fredag den 16. oktober 2015


Dante Gabriel Rossetti is the suffering artist of every teenage daydream I have ever had. His poetry, in shadows, dwell on nothing but longing and sensuality, and his paintings are portraits of pale, unearthly muses:

Venus Venticordia, 1868
Water Willow, 1871

From "Through Death to Love":
Like labour-laden moonclouds faint to flee
From winds that sweep the winter-bitten wold,--
Like multiform circumfluence manifold
Of night's flood-tide,--like terrors that agree
Of hoarse-tongued fire and inarticulate sea,--
Even such, within some glass dimmed by our breath,
Our hearts discern wild images of Death,
Shadows and shoals that edge eternity.

Robert Buchanan, however, is the acidic, witty critic I would be honoured to one day become. In 1871 he reviews Rossetti's newly published collection Poems, under the title "The Fleshly School of Poetry". Please, enjoy pieces of poison from his proselike attack:

 IF, on the occasion of any public performance of Shakspere's great tragedy, the actors who perform the parts of Rosencranz and Guildenstern were, by a preconcerted arrangement and by means of what is technically known as "gagging," to make themselves fully as prominent as the leading character, and to indulge in soliloquies and business strictly belonging to Hamlet himself, the result would be, to say the least of it, astonishing; yet a very similar effect is produced on the unprejudiced mind when the "walking gentlemen" of the fleshly school of poetry, [...] obtrude their lesser identities and parade their smaller idiosyncrasies in the front rank of leading performers. [..] the present drama of poetry might be cast as follows: Mr. Tennyson supporting the part of Hamlet, Mr. Matthew Arnold that of Horatio, Mr. Bailey that of Voltimand, Mr. Buchanan that of Cornelius, Messrs. Swinburne and Morris the parts of Rosencranz and Guildenstern.  (p. 334) good truth, it is scarcely possible to discuss with any seriousness the pretensions with which foolish friends and small critics have surrounded the fleshly school, which, in spite of its spasmodic ramifications in the erotic direction, is merely one of the many sub-Tennysonian schools expanded to supernatural dimensions, and endeavouring by affectations all its own to overshadow its connection with the great original. (p. 335)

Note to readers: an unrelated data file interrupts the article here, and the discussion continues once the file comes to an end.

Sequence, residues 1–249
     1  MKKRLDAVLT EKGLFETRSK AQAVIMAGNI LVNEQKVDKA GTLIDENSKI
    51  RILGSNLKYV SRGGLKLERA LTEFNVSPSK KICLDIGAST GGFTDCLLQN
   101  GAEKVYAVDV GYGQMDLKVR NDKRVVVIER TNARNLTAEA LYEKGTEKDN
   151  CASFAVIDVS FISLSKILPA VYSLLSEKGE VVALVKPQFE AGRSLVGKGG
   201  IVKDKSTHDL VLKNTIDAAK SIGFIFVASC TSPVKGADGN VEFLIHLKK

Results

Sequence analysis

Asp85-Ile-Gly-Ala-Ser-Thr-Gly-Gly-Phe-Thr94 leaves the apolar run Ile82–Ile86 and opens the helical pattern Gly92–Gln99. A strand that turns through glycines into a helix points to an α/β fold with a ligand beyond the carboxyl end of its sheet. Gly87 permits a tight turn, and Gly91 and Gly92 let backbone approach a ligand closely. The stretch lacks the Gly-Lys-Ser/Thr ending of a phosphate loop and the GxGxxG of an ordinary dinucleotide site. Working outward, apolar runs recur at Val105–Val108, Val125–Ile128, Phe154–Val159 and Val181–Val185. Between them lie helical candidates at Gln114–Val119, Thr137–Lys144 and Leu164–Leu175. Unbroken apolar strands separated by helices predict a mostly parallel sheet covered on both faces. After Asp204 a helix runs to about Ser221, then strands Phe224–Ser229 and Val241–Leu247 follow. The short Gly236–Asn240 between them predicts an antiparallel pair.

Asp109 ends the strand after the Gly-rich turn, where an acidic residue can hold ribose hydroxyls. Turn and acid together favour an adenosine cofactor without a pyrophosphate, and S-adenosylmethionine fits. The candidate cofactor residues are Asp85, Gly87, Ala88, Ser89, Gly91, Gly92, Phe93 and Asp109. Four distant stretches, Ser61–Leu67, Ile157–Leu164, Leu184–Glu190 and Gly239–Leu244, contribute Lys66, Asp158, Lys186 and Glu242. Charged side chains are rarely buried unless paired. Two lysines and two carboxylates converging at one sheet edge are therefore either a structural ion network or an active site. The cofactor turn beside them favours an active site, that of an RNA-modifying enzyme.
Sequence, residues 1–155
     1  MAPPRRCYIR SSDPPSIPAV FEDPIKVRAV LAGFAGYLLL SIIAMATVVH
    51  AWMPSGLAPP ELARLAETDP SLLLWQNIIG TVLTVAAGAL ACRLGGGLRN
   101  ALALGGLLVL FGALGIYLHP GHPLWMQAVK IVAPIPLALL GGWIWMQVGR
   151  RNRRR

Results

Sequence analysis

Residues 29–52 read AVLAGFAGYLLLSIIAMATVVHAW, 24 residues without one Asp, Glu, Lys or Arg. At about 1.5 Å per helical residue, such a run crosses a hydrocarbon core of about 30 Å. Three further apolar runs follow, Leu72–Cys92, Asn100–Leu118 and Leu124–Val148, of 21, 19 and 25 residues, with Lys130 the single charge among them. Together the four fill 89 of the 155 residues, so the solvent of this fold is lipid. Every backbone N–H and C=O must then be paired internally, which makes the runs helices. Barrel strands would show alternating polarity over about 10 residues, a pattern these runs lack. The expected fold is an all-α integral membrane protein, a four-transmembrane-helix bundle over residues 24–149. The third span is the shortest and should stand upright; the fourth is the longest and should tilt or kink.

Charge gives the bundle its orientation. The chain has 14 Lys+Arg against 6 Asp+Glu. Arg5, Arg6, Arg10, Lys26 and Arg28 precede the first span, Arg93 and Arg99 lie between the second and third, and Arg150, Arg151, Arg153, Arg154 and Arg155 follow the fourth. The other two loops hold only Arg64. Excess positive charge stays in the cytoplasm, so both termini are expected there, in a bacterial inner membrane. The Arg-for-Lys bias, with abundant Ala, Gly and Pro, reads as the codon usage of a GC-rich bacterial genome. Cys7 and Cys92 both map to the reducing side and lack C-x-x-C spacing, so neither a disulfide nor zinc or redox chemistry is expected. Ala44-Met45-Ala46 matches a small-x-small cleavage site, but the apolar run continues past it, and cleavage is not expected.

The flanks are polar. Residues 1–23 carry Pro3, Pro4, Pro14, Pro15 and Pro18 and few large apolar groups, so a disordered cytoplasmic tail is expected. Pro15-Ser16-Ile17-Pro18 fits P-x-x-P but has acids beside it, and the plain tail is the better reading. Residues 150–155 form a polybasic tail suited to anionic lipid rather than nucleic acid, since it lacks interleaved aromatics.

...we question if there is anything in the unfortunate "Poems and Ballads" quite so questionable on the score of thorough nastiness as many pieces in Mr. Rossetti's collection. Mr. Swinburne was wilder, more outrageous, more blasphemous, and his subjects were more atrocious in themselves; yet the hysterical tone slew the animalism, the furiousness of epithet lowered the sensation; and the first feeling of disgust at such themes as Laus Veneris and Anactoria, faded away into comic amazement. It was only a little mad boy letting off squibs; not a great strong man, who might be really dangerous to society. "I will be naughty!" screamed the little boy; but, after all, what did it matter? It is quite different, however, when a grown man, with the self-control and easy audacity of actual experience, comes forward to chronicle his amorous sensations, and, first proclaiming in a loud voice his literary maturity, and consequent responsibility, shamelessly prints and publishes such a piece of writing as this sonnet on Nuptial Sleep (p. 338) [follow link for some extremely dirty stuff, time considered]
We hover uncertainly between picturesqueness and namby-pamby... (p. 341)
We would rather believe that Mr. Rossetti lacks comprehension than that he is deficient in sincerity; yet really, to paraphrase the words which Johnson applied to Thomas Sheridan, Mr. Rossetti is affected, naturally affected, but it must have taken him a great deal of trouble to become what we now see him — such an excess of affectation is not in nature. (p. 341)
The fact that these gentlemen are so easily imitated is the most damning proof of their inferiority. What merits they have lie with their faults on the surface, and can be caught by any young gentleman as easily as the measles, only they are rather more difficult to get rid of. (p. 347)